Author Tuesday returns, as it always, eventually does. I am delighted to have Andi Cumbo-Floyd, author of Steele Secrets with us today. Andi and I are on the same page about a lot of things, and it’s been heart-endearing to connect with her as a writer. So, enjoy what she has to say today, and then leave a comment at the end to win a copy of her book!
Tell us a bit about yourself, will you? My name is Andi Cumbo-Floyd, and I’m a writer, editor, and farmer. Mostly, I write about three things: writing, the history and legacy of enslavement in Virginia, and the life of a not-born-to-it farmer. My husband and I live at the edge of Virginia’s Blue Ridge Mountains, where we have a small farm with 6 goats, 38 chickens, 3 rabbits, 4 dogs, and 4 cats. In these summer days, I am splitting my time between trying to keep the weeds under control in my garden, doing the beloved work of reading books for a living, and trying to manage the grief and hope of infertility and miscarriage.
Let’s talk about your book: what, in a nutshell, is your book about anyway? Steele Secrets is a young adult novel about a teenage bookworm named Mary Steele. One day, Mary finds mysteriously finds herself in an abandoned cemetery, and while she’s there, she meets the ghost of one of the residents, Moses. From there, Mary and Moses begin a historical quest to find out the story of this place, of the people buried there, and about the town that Mary thought she knew.
Do tell, what was the inspiration behind it? The inspiration came from my father-in-law Galen and a story he told me about his childhood. When he was a child, he and his friend Bryan were up in the woods in Buena Vista, Virginia (the town that inspired the fictional town in the book), and they had just caught a guinea hen. They got the idea that they wanted to cook this bird and eat it, so Galen went down the mountain to get a pot and water to cook the bird in. While Galen was gone, Bryan saw the figure of a man, and he knew it was a ghost, a ghost of a slave. He was so scared that he took off running and passed Galen on his way down the hill. Galen got back to the bird, and he saw the same figure.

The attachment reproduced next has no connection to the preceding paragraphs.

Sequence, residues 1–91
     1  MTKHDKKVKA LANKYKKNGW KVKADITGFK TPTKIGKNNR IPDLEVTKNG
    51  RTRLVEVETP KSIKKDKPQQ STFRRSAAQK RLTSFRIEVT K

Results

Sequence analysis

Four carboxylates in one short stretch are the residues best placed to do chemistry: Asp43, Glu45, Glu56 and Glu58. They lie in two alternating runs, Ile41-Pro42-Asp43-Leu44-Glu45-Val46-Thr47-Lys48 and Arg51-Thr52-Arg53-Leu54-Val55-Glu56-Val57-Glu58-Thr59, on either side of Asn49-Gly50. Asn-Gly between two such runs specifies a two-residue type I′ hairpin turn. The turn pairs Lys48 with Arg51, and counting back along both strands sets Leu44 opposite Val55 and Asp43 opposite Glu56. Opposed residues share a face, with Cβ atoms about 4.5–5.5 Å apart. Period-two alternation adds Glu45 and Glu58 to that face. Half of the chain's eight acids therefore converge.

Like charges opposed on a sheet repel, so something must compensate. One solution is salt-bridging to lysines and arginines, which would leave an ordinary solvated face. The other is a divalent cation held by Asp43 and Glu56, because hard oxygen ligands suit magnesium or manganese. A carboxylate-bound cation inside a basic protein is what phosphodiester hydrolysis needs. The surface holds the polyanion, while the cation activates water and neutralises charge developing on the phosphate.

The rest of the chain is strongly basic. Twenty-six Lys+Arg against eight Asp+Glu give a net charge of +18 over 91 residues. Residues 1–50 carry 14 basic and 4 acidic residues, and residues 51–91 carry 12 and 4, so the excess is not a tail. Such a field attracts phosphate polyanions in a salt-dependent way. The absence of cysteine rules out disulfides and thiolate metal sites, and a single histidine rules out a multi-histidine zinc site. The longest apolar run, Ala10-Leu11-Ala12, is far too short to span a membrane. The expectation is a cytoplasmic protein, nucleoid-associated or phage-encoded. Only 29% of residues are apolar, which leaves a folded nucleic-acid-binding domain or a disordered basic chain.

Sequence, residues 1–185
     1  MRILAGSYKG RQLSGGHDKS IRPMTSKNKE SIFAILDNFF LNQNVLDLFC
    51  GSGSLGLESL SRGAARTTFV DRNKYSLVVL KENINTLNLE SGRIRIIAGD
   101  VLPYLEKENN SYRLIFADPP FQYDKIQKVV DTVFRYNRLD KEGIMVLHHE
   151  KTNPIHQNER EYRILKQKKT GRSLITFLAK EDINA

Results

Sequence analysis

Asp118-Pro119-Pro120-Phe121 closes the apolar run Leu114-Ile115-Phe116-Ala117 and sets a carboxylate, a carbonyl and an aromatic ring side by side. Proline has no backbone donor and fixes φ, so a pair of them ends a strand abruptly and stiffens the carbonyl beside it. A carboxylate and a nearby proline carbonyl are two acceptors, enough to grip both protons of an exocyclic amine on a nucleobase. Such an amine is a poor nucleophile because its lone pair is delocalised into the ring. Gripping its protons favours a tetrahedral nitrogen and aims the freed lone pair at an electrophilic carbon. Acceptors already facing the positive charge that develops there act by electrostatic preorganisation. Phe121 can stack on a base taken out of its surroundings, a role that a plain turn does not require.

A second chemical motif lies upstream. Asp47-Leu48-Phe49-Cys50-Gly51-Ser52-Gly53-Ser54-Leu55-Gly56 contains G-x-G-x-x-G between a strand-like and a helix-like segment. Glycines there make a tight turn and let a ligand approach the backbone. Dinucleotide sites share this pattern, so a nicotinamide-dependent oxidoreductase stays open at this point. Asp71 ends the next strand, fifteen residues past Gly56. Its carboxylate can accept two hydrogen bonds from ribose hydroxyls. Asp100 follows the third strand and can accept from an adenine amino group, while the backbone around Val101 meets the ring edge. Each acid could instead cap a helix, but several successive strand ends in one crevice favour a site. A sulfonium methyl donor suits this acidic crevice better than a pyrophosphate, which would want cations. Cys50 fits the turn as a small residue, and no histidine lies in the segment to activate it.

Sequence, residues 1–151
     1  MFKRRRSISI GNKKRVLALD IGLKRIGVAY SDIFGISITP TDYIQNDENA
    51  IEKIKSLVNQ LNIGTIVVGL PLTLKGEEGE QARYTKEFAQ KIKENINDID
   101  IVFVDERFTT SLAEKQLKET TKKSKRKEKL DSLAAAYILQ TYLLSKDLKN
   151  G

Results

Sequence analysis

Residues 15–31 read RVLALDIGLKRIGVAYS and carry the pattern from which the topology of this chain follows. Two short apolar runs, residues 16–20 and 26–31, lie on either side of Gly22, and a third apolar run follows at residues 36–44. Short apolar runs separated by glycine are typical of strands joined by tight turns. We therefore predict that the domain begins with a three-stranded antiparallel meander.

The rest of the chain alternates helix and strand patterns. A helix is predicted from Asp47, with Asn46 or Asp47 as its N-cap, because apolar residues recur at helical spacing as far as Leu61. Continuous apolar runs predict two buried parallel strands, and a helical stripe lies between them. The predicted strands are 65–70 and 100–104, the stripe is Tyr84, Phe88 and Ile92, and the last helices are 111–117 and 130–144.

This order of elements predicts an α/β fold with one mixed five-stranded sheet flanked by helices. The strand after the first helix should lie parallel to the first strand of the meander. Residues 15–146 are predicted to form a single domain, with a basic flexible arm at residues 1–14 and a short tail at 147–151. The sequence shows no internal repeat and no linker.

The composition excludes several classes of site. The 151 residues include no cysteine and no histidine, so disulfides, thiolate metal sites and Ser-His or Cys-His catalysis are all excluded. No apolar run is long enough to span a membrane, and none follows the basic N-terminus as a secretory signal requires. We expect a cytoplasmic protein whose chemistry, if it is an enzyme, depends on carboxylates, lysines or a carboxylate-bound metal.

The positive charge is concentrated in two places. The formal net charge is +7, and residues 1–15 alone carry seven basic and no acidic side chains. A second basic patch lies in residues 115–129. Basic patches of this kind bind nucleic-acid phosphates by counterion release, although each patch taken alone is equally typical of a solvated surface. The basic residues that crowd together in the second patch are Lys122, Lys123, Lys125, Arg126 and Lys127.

It turns out they were in an old cemetery, a rare tri-racial cemetery called Greenwood, where white people, black people, and American Indian people were buried.
I heard that story and combined it with my experience of growing up on a slave plantation, just down the road from a slave cemetery, and Mary Steele and her journey came to life.
How do you hope readers will be changed by your words? When I’m really optimistic, I hope the story of Mary’s journey and Moses’ life will inspire people to learn our history as a people in the U.S., particularly as a people with our roots firmly in slavery and racism. I hope we’ll learn to accept this history and understand how it shapes us today instead of wanting to glorify a time period (or a specific war) without being willing to look honestly at the ugliness behind the glory. I hope that, in some small way, the book might help us all to heal.
I also hope people just enjoy reading it and find that they love the characters as much as I do.
Lest we forget to ask, how have YOU been changed by writing the book? When I did the first draft of the book, I wanted a happy ending, so I wrote one. But my friends who do the work around our history of racism challenged me to be more honest, to not tie everything up neatly. So I did, and the book is better for it. . . and so am I? I have a tendency to want only the ideal, and if I can’t have the ideal, I don’t want anything. Writing this book helped me to take hope from small changes, to see potential healing in the way someone shows up even if they still don’t really “get it” the way I want them too.
Mary’s journey is much like my own, and like her, I still get frustrated and angry with the work of healing and finding equality. So when I think about her, I remind myself to give myself a little grace – both as I continue to heal and find hope and as I walk with others on their journeys.
How and where can we find you on the internet? I write regularly about writing and my life as a writer at Andilit.com. I also write regularly about life on the farm at GodsWhisperFarm.com. Finally, I write less regularly but no less enthusiasticly about African American history and genealogy at OurFolksTales.com.
Does she have a story to tell or what?! I’ve really loved getting to know Andi through this post alone, and I’m sure I’m not the only one. Also, fiction writers AMAZE me. So, if you’d like to win a copy of Steele Secrets, leave an encouraging comment for Andi below. Winner will be drawn on Sunday, July 16th. Good luck!
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